Sri Lanka PM retracts India rebel training camp claim

Sri Lankan soldiers silhouetted  - 2007 The Sri Lankan army defeated Tamil Tiger separatists in 2009

Sri Lanka's prime minister has retracted his suggestion that the Tamil Tiger rebels were being revived in camps in southern India.

DM Jayaratne acknowledged his mistake by telling Sri Lanka's Daily Mirror newspaper that his allegation was based on incorrect information.

Mr Jayaratne's speech to parliament on Wednesday drew a sharp response from the Indian government.

He said rebel fighters were being trained to launch terror attacks.

Mr Jayaratne, a veteran politician who became prime minister last year, said an unknown number of fighters were based at three clandestine training centres operated by the Liberation Tigers of Tamil Eelam (LTTE) itself in Tamil Nadu - the Indian state closest to Sri Lanka.

He said his government had intelligence reports that one of the camps was giving specialist training in how to assassinate VIPs.

"Their next target is to create small-scale attacks," he said. "The entire nation must be ready to face this threat."

'Uncorroborated'

But on Thursday the spokesman for India's Ministry of External Affairs rebuffed Mr Jayaratne's remarks, saying Delhi "categorically" denied the existence of such camps and adding that the Colombo government had not raised such an issue diplomatically.

"Such a reference is indeed unfortunate and we urge the government of Sri Lanka to desist from reacting to speculative and uncorroborated reports," he said.

On Friday Mr Jayaratne told the Daily Mirror that accounts of the supposed camps were "mentioned in two newspaper reports".

"There appears to be false information in these reports," he said.

Most of the LTTE's top leaders were killed as the Sri Lankan military crushed their decades-long insurgency in 2009. There has not been a rebel attack on the island since then.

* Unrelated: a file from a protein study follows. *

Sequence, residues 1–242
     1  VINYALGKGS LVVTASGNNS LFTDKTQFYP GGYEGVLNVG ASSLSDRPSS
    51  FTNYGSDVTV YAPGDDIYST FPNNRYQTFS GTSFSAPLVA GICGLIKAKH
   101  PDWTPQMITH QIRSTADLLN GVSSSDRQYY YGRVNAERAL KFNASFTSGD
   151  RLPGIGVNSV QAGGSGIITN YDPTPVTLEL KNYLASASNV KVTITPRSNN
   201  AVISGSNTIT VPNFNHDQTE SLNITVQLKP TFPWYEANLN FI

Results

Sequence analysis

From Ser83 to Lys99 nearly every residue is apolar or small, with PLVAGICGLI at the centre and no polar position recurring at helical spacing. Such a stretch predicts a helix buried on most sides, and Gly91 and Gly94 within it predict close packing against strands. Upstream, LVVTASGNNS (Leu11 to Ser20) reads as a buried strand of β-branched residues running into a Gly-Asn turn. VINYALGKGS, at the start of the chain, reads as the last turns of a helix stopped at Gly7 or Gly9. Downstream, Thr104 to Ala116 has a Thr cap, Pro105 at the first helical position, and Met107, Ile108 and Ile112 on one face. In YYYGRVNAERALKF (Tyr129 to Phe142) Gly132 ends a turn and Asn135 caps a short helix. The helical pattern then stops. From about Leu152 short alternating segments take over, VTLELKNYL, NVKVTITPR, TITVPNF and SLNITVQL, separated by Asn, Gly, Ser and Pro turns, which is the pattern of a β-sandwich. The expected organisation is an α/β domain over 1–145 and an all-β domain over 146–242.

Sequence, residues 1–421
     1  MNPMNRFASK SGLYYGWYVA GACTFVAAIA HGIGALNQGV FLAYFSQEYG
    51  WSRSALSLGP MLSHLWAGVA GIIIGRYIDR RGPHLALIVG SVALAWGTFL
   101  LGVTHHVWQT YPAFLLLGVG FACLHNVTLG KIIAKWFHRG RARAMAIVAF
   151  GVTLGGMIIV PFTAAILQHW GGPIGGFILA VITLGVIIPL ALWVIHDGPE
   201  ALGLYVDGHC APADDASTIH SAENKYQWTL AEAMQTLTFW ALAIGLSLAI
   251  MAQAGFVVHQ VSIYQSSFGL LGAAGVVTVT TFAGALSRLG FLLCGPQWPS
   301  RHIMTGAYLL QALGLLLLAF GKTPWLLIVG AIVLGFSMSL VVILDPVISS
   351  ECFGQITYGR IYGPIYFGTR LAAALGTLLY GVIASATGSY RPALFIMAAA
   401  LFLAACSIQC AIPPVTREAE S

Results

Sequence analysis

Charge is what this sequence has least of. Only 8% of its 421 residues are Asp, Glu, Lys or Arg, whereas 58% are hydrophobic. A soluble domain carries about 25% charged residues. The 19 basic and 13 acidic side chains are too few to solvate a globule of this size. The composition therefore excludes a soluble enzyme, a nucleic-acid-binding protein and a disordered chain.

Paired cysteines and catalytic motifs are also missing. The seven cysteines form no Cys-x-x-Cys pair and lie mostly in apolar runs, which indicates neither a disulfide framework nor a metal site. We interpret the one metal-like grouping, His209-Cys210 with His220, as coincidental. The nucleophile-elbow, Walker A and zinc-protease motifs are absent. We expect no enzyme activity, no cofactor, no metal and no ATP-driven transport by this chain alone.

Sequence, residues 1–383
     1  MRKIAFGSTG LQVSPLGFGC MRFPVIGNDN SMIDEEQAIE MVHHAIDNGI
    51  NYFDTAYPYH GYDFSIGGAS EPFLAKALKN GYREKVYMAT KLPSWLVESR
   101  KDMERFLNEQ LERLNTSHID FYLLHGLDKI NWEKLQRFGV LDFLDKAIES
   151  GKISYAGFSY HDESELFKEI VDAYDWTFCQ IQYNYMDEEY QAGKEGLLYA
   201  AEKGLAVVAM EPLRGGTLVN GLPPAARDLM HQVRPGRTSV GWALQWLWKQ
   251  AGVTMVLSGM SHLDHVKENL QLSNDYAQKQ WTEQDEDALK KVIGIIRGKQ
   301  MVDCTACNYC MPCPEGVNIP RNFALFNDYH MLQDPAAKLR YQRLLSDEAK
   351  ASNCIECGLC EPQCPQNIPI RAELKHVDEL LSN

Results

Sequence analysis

A section of the Tamil Nadu population and several of its prominent politicians support the LTTE or at least Sri Lankan Tamil separatism.

In the LTTE's early days in the 1970s and 1980s the then Indian government gave it and other separatist groups training and support.

But today's Indian central government and the president of the Congress Party Sonia Gandhi, whose husband Rajiv was assassinated by the LTTE 20 years ago, are firmly opposed to the group.

It is banned as a terrorist organisation in India.

Emergency laws

The Sri Lankan prime minister made his controversial remarks during the monthly debate on extending the state of emergency, which has existed in Sri Lanka on and off since 1971 and which was renewed by MPs on Wednesday.

The emergency, along with the Prevention of Terrorism Act, gives the security forces far-reaching powers to arrest and hold people for long periods without trial.

The government says these laws are needed to combat a possible revival of the LTTE. It has given no indication of when the country might be able to reduce its state of alert.

Sri Lanka and India are diplomatic allies but recently there have been tensions between the two neighbours, small and large, over fishing rights in the narrow strait between the two countries.

Sri Lankan fishermen complain that Indians are intruding on their waters and using big trawler nets, depleting reserves and ruining their livelihood.

But Indian villagers accuse the Sri Lankan navy of regularly using excessive force against Indian fishermen, even killing some of them - something Colombo denies

More South Asia stories

RSS

Features

BBC © 2014 The BBC is not responsible for the content of external sites. Read more.

This page is best viewed in an up-to-date web browser with style sheets (CSS) enabled. While you will be able to view the content of this page in your current browser, you will not be able to get the full visual experience. Please consider upgrading your browser software or enabling style sheets (CSS) if you are able to do so.